Local business newsletter The Charlotte Ledger now generates around $12,500 in monthly recurring revenue from its 2,000 paid subscribers, according to founder Tony Mecia. That’s about $150,000 a year.
- Add in advertising and grant funding, and the 2-year-old Substack newsletter covering Charlotte is on pace to generate $175,000 in annual revenue.
Why it matters: Entrepreneurial local reporters in cities across the United States now have a blueprint to go independent — and make more money.
- According to Glassdoor, the average annual reporter salary at Gannett, which owns about a dozen N.C. newspapers, is $40,752. At McClatchy (owner of The Charlotte Observer), it’s $39,962.
Catch up quick: Mecia started The Charlotte Ledger as an experiment a little over two years ago. Startup costs were basically $0. He chose Substack.
- He had only 300 Twitter followers and a paper rolodex of local newsmakers when he started.
- When he reached 3,000 free subscribers about a year into it, he launched paid subscriptions. “There was no revenue for the first year,” Mecia says. “I had severance from a magazine job and I freelanced.”
- Subscriptions cost $9/month or $99/year (full breakdown here). There’s also an enterprise tier for $379/year. “I have no growth hacks; it’s about doing the little things right consistently.”
- Paid subscribers are currently growing at about 50-80 net new subscribers a month. The newsletter now has 2,000 paid subscribers and 6,900 free subscribers. Open rates for the paid list are around 60% and for the free list open rates are around 30%.
My thought bubble: It’s an outstanding read. The Charlotte Ledger differentiated itself early with its mix of business scoops and aggregation — delivered with the experienced (and entertaining) voice. The publication has since broadened its coverage with more original reporting like a play-by-play look inside the making of Mecklenburg County’s Covid directive and the inside scoop on what’s behind the sudden push for residential development in west Charlotte.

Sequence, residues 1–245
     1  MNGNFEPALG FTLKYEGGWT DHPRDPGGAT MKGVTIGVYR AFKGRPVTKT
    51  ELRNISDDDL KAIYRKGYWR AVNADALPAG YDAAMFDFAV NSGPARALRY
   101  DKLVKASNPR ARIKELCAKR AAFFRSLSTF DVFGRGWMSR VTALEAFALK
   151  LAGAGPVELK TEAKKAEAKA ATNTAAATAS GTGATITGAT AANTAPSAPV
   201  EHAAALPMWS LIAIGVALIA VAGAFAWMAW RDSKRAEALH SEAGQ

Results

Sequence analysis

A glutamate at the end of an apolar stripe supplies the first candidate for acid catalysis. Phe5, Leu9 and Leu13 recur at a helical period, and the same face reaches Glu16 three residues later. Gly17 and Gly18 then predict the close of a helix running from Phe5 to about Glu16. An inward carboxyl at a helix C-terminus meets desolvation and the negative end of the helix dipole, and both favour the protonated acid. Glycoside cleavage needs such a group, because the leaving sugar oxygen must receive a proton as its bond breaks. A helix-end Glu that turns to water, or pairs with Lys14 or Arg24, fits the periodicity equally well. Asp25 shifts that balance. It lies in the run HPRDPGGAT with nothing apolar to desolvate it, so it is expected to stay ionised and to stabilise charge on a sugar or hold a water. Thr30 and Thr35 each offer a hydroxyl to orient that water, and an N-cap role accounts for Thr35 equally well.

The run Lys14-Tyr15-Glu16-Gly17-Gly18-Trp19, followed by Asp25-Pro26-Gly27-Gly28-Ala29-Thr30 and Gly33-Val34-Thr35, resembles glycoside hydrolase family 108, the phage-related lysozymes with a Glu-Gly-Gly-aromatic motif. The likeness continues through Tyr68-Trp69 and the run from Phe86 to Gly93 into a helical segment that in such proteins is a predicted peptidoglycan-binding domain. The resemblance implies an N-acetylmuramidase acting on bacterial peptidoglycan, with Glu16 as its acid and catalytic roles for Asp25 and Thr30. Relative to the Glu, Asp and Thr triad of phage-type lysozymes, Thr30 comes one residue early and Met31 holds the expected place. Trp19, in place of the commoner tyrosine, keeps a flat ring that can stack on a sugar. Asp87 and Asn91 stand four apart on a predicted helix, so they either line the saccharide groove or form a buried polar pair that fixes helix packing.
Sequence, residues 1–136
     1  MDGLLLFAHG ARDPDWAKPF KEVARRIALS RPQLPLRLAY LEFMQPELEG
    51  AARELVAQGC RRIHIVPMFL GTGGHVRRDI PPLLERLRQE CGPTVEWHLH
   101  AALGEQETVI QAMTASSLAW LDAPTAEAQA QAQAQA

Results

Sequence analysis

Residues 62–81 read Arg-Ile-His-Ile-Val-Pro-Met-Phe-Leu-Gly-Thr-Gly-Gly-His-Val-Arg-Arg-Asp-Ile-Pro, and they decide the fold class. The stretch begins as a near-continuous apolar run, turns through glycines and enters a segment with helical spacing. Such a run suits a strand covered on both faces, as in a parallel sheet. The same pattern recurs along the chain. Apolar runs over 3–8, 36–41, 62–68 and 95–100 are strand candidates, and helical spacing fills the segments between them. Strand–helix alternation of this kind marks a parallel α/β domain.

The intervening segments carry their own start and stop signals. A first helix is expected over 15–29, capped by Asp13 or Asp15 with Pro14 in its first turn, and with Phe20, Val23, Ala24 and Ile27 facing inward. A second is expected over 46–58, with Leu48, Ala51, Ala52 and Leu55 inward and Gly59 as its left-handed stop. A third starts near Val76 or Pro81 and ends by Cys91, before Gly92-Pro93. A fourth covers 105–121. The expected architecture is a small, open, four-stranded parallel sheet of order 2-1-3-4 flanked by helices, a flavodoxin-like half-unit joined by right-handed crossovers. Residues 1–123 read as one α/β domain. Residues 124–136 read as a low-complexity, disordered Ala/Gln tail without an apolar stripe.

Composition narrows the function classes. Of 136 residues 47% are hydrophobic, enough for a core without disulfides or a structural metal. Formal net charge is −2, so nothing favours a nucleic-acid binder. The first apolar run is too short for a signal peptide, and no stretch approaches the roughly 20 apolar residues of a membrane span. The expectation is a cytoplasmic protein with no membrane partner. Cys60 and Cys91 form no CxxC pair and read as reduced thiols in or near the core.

Financial breakdown: On the expense side, Substack takes a 10% cut and Stripe takes about another 3% (about $1,625/mo currently).
- Mecia hired veteran journalist Cristina Bolling as the only full-time employee and set up a compensation structure based heavily on subscription revenue to align their incentives and provide upside.
- Other expenses include a few contractors to help with operations (ex, social media) and freelance contributors.
- Mecia declined to provide exact expenses, but I figure the total annual expenses come out to about $100,000.
- That leaves about $75,000 in cash flow available Mecia. Instead of pocket this cash, he’s currently reinvesting in more original reporting.
- The Ledger recently launched a newsletter dedicated to obituaries, and one dedicated to transit issues.
The big picture: The Assembly recently reported that The Charlotte Observer had 54,012 print subscribers and 19,602 digital-only subscribers, so there’s plenty of room for The Charlotte Ledger to continue to grow paid subscriptions.
Bottom line: National reporters with big audiences have seen some success with Substack, Axios’ Sara Fischer wrote last fall.
- Mecia and Bolling have proven that readers are willing to pay for high quality, original local reporting. Instead of providing cash flow for newspaper-owning hedge funds, top tier local reporters now have a blueprint on providing cash flow to their families.